Walking steps

What does health mean to you?

Health is one of those words like love and success that has as many definitions as there are people on the planet. We can only start to thrive when we take ownership of our personal understanding of each. Once we know what health means to us we can then establish our own ways of measuring it and make progress in a meaningful, rather than arbitrary, way.

How can we become healthier if we’re not even sure what we mean by health in the first place?

The World Health Organisation defines health as 'a state of complete physical, mental and social well-being and not merely the absence of disease or infirmity.'

Activewear creator and active living advocate Lorna Jane Clarkson sums up her healthy living philosophy in three words: Move, Nourish and Believe.

Greg Glassman, founder of CrossFit, defines health as a continuum from sickness to wellness to fitness. He blends the ideas of health and fitness as aspects of the same concept.

It’s easy to get lost in the plethora of health information out there. What’s important is that we each find or create a workable understanding of health that is meaningful to us.

What you believe about health is a reflection of what you believe it means to be human.

If you see your body, mind and spirit as separate from each other, you may pursue one aspect of health at the exclusion of another. What we intuitively and objectively know to be true is that to be fully human is to be whole.

Each physical system in our bodies reflects the beautiful interdependence and inseparable connection of one part to all others. Nothing exists in isolation. If you cut your toe, your immune system functions as a unit to tackle the injury and fend off infection. Your body can carry and hold emotional pain for years. Our moods and minds are deeply affected by spiritual aches and longings.

Think about it… if your clean eating is driven by fear or self-loathing, is that really healthy? There are so many of us with amazing physical capabilities that are also insecure and full of shame. There are also those of us who are comfortable in our own skin but can't run 5km.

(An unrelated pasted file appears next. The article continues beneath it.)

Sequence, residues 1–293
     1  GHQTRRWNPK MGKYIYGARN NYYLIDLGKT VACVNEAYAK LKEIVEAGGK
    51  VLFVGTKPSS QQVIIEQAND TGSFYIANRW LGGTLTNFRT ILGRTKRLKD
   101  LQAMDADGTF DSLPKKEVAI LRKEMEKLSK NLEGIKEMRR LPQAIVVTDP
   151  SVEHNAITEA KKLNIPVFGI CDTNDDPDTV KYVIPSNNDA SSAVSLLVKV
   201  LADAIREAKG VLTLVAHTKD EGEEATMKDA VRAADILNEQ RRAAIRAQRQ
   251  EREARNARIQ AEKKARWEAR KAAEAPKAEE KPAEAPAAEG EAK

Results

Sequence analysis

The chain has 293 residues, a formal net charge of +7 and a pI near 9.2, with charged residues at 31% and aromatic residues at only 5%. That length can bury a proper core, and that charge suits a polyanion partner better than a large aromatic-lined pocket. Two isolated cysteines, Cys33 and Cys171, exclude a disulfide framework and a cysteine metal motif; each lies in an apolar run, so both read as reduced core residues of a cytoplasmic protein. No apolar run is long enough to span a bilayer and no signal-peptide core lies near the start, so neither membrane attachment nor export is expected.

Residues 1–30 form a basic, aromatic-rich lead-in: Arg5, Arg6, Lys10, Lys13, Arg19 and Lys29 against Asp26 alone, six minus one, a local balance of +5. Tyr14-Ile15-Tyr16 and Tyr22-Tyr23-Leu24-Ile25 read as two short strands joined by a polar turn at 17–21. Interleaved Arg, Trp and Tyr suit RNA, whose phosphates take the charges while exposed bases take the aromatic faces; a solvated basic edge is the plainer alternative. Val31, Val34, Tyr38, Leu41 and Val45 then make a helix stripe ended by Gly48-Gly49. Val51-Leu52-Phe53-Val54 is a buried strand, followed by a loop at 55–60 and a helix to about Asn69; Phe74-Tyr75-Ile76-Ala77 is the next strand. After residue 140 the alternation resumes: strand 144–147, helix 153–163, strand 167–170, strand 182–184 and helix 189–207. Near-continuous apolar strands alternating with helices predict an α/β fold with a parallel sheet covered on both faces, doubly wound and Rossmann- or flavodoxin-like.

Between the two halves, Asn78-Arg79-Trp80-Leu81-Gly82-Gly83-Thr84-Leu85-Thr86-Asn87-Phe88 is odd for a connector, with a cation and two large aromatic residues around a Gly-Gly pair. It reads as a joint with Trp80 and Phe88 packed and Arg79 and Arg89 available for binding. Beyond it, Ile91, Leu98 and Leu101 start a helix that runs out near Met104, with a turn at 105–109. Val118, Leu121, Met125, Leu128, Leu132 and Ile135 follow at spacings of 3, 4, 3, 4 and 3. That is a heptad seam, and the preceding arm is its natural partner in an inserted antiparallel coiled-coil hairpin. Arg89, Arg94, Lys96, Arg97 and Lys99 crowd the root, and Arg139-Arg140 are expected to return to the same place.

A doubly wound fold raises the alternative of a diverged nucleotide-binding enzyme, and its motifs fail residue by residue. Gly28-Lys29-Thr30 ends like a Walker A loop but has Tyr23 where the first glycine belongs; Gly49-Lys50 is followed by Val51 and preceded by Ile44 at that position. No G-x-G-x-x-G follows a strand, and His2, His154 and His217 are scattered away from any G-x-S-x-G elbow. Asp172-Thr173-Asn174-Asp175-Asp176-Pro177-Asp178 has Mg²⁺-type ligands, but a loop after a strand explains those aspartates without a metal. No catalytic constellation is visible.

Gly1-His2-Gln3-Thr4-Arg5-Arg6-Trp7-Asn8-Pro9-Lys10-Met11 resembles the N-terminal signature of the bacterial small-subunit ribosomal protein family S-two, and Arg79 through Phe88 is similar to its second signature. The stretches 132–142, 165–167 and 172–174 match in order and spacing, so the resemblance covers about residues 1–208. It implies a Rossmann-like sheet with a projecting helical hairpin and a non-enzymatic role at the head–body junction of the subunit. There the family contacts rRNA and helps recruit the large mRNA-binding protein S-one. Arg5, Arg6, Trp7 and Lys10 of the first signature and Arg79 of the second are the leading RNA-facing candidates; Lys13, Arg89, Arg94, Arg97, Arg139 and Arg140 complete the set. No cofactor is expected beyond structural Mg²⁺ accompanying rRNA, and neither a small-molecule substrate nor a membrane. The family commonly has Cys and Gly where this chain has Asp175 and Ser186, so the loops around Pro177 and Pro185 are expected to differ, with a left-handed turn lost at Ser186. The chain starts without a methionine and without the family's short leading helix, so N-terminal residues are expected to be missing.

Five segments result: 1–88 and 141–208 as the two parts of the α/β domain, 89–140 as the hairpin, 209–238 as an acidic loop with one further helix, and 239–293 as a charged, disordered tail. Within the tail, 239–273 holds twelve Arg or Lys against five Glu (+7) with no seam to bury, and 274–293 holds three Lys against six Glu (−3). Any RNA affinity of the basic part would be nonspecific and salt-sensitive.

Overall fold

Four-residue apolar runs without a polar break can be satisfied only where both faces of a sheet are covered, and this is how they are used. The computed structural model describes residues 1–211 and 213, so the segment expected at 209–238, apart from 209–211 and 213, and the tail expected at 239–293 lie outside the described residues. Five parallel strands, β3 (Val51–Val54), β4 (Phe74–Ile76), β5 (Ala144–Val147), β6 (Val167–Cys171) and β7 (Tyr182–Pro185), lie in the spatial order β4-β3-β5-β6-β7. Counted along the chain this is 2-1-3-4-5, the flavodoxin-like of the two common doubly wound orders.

As with most things in life, we are not either/or but both/and. As humans, all of who we are must be considered if we are to pursue true health. If you think of the healthiest people you know, hopefully, words like self-respect, boundaries, integrity, dedication and compassion come to mind.

3 Simple steps to getting started

So what do we do with all of this? It’s simpler than you might think. Notice we said simple, not easy. Let’s break it down into 3 basic steps.

Step 1. Clarify what health means to you

Don’t worry about it being perfect or whether it’s right or wrong. In fact, let’s erase that concept from your mind — there are simply more effective and less effective ways of thinking through things.

When you picture your ideal health, what comes to mind? Enough energy to play with your kids? The fitness to climb a mountain? The peace of knowing you are enough? Write it down.

Step 2. Identify one action item for your mind, body and spirit

Let’s keep things simple here. Start by picking just one thing in each area that you can focus on. You don't need to master all 10 Healthy Habits at once. Trying to do too much too soon and change everything is a recipe for disaster that often leaves us feeling discouraged and defeated before we’ve even begun. Make it time-specific and somehow measurable. As an example:

Mind — Spend five minutes sitting still, practising deep breathing to calm your mind.

Body — Eat one meal per day full of nutrient-rich clean food.

Spirit — Walk for ten minutes in nature, reflecting on the day and contemplating how you could have given or allowed yourself to receive more love.

Step 3. Be intentional but don't take yourself too seriously on your journey to become healthier

Remember it takes 66 days to form a new habit so have some grace with yourself as you implement your chosen healthy habits into your daily routine. If it were easy, everyone would be living their healthiest lives already. The good (and sometimes bad) news is, it’s not necessarily hard, it just requires consistency.